And Gnome HAD gotten better. It has become a lot more configurable. Like KDE 3,5 I had panels I could freely move around and put on any portion of the screen I wanted. There were a plethora of GTK2 themes to choose from, and I could customize the look of Gnome to my heart's content. Couple that with being able to run Gnome on top of Compiz and I was one happy camper in the Gnome camp.
And then one day on my LMDE-sid install via apt-get upgrade, my Gnome 2 install was replaced by Gnome 3. Deja Vu all over again! I could no longer use Compiz. The themes I had previously used in Gnome no longer worked. Much like the 4.0 release of KDE, I had an ugly black panel that I couldn't change the color or position of. Everything I liked about Gnome had been taken away. It took me all of about 15 minutes of using Gnome 3 before I downloaded XFCE-4 and left the Gnome camp all together.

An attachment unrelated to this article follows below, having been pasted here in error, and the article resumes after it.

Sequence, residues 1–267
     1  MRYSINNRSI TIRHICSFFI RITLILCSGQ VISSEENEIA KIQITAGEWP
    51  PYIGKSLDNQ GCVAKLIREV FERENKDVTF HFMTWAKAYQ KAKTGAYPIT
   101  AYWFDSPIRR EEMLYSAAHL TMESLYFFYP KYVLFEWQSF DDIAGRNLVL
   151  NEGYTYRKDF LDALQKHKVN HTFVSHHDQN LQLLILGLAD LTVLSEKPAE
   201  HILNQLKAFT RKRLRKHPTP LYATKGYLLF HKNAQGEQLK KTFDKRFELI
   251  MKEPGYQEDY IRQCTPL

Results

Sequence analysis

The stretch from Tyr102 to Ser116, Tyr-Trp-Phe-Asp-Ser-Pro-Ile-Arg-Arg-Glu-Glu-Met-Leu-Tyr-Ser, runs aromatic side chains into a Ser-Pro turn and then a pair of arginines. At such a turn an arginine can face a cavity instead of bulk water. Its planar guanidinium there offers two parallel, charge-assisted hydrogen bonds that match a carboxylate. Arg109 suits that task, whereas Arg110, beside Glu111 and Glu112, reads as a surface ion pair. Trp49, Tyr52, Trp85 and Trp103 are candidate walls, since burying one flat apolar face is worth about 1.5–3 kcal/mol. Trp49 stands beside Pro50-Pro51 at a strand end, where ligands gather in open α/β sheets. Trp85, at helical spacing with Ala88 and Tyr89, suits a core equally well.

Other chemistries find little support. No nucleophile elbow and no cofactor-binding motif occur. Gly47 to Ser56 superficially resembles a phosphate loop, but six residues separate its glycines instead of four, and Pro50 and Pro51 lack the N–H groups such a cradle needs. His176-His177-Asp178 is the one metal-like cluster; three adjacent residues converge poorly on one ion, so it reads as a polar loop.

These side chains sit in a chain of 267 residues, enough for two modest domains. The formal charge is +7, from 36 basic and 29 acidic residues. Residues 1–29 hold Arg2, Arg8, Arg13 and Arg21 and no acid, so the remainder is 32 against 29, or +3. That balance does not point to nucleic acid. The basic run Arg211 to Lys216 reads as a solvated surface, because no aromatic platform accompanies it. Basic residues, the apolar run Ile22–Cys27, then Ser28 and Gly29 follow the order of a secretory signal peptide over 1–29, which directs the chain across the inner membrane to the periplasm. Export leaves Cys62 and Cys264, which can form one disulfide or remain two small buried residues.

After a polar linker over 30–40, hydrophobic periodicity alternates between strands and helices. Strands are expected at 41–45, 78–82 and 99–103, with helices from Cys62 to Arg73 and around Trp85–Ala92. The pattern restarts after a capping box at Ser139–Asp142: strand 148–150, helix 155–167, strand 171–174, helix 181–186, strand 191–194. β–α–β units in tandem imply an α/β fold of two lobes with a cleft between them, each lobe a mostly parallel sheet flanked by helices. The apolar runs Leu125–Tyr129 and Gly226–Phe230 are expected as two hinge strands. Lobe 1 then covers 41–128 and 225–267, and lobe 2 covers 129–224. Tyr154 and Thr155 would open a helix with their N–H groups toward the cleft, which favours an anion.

XFCE suited my needs pretty well. Cosmetically it was very similar to Gnome 2. Compiz worked, I could use all my old GTK2 themes, icon themes, and mouse cursor themes again. I set up XFCE and had it looking and running exactly like my Gnome 2 install had looked. This suited me fine for a couple of months, but over those months a growing frustration for how "patchwork" XFCE is began brewing inside me. Every piece of XFCE feels modular, and in-cohesive, nothing really meshes together. Changing GTK theme, icons, mouse pointers isn't centralized in one app, but in 2 or 3 different ones. Thunar is a very minimalist file manager, and it took all of a day for me to ditch it in favor of Nautilus. And even then I was pining for Nautilus-Elementary, which isn't available for Debian. Eventually my frustration with using the cobbled-together interface of XFCE became overwhelming. After hearing one of the hosts of the Linux Mint Podcast continually extol the virtues of KDE, I decided it was time to give KDE 4 another spin.